Baker’s winning time of 9.78 was well inside his legal personal best of 9.97, and there was an even bigger fillip for the 22-year-old third-placed Briton, Reece Prescod, who clocked 9.88 just a week after setting a legal personal best of 10.03 in winning at the Shanghai Diamond League.
China’s Bingtian Su also went inside his personal best of 9.99 in finishing fourth in 9.90.
Caster Semenya, who has tweeted a series of defiant messages since the IAAF announced its intention to adopt a new ruling on female athletes with high natural levels of testosterone that threatens to diminish her effectiveness, maintained her stance on the track.
South Africa's 27-year-old world and Olympic 800m champion, unbeaten at the distance since 2015, set a meeting record of 1:55.92 - just 0.76sec off her personal best - to defeat a hugely talented field.
Home runner Ajee Wilson was second in a season’s best of 1:56.86 ahead of Burundi’s world and Olympic silver medallist Francine Niyonsaba, who clocked 1:56.88.
US Olympic silver medallist athlete Evan Jager came within two thousandths of a second of Kenya’s world and Olympic 3,000m steeplechase champion Conseslus Kipruto after both finished in 8:11.71.
A photo-finish was required to determine Kipruto’s superior time of 8:11.706.
But both were surprisingly beaten on the night in a relatively slow and tactical race by Kenya’s Benjamin Kigen, who produced a personal best of 8:09.07.
Britain’s Laura Muir, newly qualified after passing her veterinary medicine finals at the University of Glasgow, enjoyed her first race of the season, taking second place in the 1,500m in 3:59.30 behind home runner Shelby Houlihan, who won in a personal best of 3:59.06, with compatriot Jenny Simpson, the 2011 world champion, third in 3:59.37.
Jamaica’s world and Olympic 110m hurdles champion Omar McLeod made the most of a 3.0mps following wind to win in 13.01 ahead of Russian athlete Sergey Shubenkov, the world silver medallist competing as an Authorised Neutral Athlete, who recorded 13.08.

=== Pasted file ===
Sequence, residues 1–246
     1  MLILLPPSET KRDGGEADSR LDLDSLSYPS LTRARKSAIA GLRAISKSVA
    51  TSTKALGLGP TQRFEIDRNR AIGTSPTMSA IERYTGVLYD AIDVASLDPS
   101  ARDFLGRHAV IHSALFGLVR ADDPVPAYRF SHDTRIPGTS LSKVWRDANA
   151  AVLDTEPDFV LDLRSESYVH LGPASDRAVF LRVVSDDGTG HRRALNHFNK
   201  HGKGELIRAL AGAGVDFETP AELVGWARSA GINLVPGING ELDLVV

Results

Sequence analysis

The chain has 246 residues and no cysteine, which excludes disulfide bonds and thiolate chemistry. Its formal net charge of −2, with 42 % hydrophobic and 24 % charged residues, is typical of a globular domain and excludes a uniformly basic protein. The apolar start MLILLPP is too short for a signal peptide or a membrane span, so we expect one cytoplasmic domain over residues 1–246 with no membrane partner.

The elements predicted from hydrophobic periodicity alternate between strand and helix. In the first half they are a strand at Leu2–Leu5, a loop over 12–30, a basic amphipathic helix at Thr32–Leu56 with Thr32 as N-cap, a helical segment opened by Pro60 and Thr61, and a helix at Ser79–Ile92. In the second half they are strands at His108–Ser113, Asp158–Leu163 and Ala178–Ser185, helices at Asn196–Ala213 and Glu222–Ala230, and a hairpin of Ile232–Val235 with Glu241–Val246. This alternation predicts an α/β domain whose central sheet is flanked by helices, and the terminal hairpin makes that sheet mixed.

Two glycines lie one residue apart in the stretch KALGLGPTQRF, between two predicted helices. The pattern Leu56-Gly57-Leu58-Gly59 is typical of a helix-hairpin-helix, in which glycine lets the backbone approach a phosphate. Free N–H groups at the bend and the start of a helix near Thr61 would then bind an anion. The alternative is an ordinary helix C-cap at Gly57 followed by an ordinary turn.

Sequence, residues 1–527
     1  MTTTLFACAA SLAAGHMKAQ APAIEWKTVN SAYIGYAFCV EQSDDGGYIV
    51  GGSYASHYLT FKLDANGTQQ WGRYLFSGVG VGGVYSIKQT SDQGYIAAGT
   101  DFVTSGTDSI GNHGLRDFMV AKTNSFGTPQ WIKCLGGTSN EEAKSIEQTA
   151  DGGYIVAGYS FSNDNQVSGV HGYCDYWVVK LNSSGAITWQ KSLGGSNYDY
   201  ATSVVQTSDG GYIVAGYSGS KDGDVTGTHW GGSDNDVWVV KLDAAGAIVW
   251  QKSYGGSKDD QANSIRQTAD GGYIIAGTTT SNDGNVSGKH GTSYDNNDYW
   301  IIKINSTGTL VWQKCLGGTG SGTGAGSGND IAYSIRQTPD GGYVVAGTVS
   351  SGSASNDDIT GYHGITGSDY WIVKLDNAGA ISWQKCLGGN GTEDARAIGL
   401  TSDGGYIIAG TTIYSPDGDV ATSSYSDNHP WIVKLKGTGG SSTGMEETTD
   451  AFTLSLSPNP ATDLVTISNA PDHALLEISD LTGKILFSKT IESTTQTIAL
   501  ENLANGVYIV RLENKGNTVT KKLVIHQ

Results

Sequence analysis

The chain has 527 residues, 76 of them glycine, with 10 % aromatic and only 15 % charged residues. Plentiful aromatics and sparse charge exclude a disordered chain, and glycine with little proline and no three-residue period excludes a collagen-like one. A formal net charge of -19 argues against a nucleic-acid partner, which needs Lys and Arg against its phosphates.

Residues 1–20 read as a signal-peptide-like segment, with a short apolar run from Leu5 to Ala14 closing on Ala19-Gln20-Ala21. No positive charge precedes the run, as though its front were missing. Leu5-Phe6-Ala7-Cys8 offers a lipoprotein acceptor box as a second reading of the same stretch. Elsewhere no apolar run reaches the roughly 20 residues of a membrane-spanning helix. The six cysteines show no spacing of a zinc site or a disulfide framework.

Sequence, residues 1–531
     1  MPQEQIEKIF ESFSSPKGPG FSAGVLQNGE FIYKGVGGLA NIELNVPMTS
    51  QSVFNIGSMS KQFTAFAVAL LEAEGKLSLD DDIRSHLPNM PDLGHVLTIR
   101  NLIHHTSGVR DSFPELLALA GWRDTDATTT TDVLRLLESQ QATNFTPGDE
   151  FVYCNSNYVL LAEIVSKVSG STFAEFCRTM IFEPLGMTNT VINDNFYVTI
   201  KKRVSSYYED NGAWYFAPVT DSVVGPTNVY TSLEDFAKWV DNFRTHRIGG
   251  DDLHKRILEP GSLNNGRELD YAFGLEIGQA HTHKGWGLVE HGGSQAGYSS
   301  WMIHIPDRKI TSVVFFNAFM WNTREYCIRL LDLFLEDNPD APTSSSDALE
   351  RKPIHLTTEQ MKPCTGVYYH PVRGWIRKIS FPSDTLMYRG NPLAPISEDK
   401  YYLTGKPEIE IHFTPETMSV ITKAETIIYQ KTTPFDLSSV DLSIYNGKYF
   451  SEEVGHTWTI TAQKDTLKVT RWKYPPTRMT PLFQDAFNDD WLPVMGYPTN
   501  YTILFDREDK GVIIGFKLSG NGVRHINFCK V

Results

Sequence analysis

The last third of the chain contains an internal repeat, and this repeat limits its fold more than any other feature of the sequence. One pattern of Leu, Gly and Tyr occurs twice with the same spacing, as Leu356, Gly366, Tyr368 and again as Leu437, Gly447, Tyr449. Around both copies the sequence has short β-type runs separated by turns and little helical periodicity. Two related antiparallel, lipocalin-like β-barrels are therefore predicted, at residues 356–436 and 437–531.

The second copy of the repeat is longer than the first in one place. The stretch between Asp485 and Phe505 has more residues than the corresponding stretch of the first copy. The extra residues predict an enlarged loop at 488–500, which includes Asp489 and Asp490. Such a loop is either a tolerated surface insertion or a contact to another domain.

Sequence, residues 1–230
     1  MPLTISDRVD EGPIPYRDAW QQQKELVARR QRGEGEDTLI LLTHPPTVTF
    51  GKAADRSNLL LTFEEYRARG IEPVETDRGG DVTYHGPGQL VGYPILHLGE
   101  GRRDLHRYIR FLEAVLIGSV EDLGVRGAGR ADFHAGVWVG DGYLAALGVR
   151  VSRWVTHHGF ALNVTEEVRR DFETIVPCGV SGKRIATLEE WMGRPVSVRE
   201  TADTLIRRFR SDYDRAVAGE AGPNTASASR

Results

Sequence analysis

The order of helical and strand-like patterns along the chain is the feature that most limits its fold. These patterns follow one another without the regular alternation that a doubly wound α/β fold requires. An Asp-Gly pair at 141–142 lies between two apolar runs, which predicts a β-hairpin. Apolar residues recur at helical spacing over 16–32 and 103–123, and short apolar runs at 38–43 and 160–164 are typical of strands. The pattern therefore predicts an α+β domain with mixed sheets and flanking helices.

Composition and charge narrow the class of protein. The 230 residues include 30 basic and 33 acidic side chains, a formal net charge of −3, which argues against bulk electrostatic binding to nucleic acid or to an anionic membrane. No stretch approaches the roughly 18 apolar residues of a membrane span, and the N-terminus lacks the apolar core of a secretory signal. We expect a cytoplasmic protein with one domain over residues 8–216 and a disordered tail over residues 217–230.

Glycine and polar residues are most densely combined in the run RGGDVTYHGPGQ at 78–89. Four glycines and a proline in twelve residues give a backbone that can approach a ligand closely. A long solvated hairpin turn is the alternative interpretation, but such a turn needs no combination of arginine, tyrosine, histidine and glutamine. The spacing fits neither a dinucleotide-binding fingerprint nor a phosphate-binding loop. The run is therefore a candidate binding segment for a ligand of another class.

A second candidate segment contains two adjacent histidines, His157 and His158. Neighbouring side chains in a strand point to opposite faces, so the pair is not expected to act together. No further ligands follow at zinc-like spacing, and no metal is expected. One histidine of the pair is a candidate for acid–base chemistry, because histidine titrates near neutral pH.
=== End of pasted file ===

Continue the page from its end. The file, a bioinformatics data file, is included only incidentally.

World 1,500m record holder Genzebe Dibaba won the 5,000m in 14:26.89, in front of fellow Ethiopian Letesenbet Gidey, who ran a personal best of 14:30.29, and Kenya’s world champion Hellen Obiri, who recorded 14:35.03.
Olympic shot put champion Ryan Crouser produced a resounding home win with a meeting record of 22.53m.
Six years after winning pole vault gold at the London 2012 Games, Jenn Suhr showed that, at 36, she is still a force to be reckoned with as she defeated a field that included the current world and Olympic champion Katerina Stefanidi and world indoor champion Sandi Morris, her fellow US athlete.
Suhr and New Zealand’s Eliza McCartney were the only two vaulters to clear 4.85m, with the senior athlete winning on countback.
Morris, the only other vaulter other than world record holder Yelena Isinbayeva to have cleared 5.00m - something she did last season - could only manage third place with 4.70.
After taking silver behind his fellow American Christian Taylor at last year’s IAAF World Championships and the previous year’s Olympics, Will Claye may have felt he was heading for a little payback after taking the lead in the triple jump with a penultimate effort of 17.46m.
As so often before, the 27-year-old world and Olympic champion rose to the challenge to win with a final effort of 17.73.